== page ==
Hashtags work similarly to keywords in that they help your pins be discoverable by Pinterest users. In this Ultimate Marketer’s Guide to Pinterest, hashtags have been described as being more of a categorical element, and less of a tool to help your content show up in Pinterest search results, so don’t rely on them as heavily as you would keywords to get your content in front of searching users.

Their pricing is, again, affordable and reasonable. What’s different about FollowingLike is that you only have to pay a one-off fee. Unlike other automated bots that are going to set you back every month, FollowingLike charges you once. You can buy the one account version for $51 right now. If you’re looking for them to manage more than one account for you, this will set you back $73. It’s worth your money if you invest in the unlimited accounts version. They offer this for a one-time fee of $126, or if you want to pay yearly, it’s $88. Either way, their deals are reasonable.


Pinterest is a great way for your small business to display your work and showcase your expertise in your industry. Examples include Pins with images and videos of your work, infographics, data visualizations, and blog posts. Due to the fact you might not be a recognized brand yet, doing this is important. That’s because as your business grows and you become more well-known, you’ll be more likely to be recognized as an industry leader and a business with helpful and applicable content for audience members.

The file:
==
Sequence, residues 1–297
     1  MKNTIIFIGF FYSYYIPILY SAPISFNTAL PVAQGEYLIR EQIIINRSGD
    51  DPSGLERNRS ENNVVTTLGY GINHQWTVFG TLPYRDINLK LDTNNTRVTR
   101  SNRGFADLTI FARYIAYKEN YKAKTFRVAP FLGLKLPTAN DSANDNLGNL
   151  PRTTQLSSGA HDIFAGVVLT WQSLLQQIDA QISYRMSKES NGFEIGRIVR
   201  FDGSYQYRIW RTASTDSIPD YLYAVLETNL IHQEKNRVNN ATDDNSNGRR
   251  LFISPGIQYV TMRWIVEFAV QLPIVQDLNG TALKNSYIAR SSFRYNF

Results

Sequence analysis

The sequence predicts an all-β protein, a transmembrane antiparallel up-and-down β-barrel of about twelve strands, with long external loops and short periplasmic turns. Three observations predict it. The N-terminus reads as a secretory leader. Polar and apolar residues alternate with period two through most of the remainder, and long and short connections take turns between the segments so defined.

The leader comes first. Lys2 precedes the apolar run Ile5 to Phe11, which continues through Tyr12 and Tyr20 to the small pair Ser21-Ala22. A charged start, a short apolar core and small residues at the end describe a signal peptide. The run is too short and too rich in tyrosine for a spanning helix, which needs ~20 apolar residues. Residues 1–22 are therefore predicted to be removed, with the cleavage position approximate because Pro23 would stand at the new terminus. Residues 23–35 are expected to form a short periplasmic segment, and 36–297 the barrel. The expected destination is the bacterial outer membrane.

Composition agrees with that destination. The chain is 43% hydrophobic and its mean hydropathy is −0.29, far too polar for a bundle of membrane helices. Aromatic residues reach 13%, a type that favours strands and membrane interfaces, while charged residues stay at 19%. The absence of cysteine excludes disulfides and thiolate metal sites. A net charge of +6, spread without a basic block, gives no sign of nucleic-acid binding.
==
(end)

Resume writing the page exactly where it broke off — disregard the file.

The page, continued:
Users will never even see your image if you don’t have the right keywords and copy to tell them (and the Pinterest algorithm) what you have in store. Pin descriptions, board descriptions, profile descriptions, and board titles should all creatively include keywords for that very reason—but avoid writing copy that looks and feels like low-effort keyword stuffing.
Like Pinterest discusses in their Tips for Creating Customer Growth on Pinterest article, “too often, online marketing tactics focus on customers who already know what they want to buy—instead of expanding their reach to also include people earlier in their shopping journey,” which is an extremely important perspective to keep in mind when creating content for your Pinterest marketing strategy. To grow your reach on Pinterest, you need to focus on the early steps in a user’s shopping journey and that starts by telling a story and creating a need for the user to make them want to purchase your product to fulfill that need.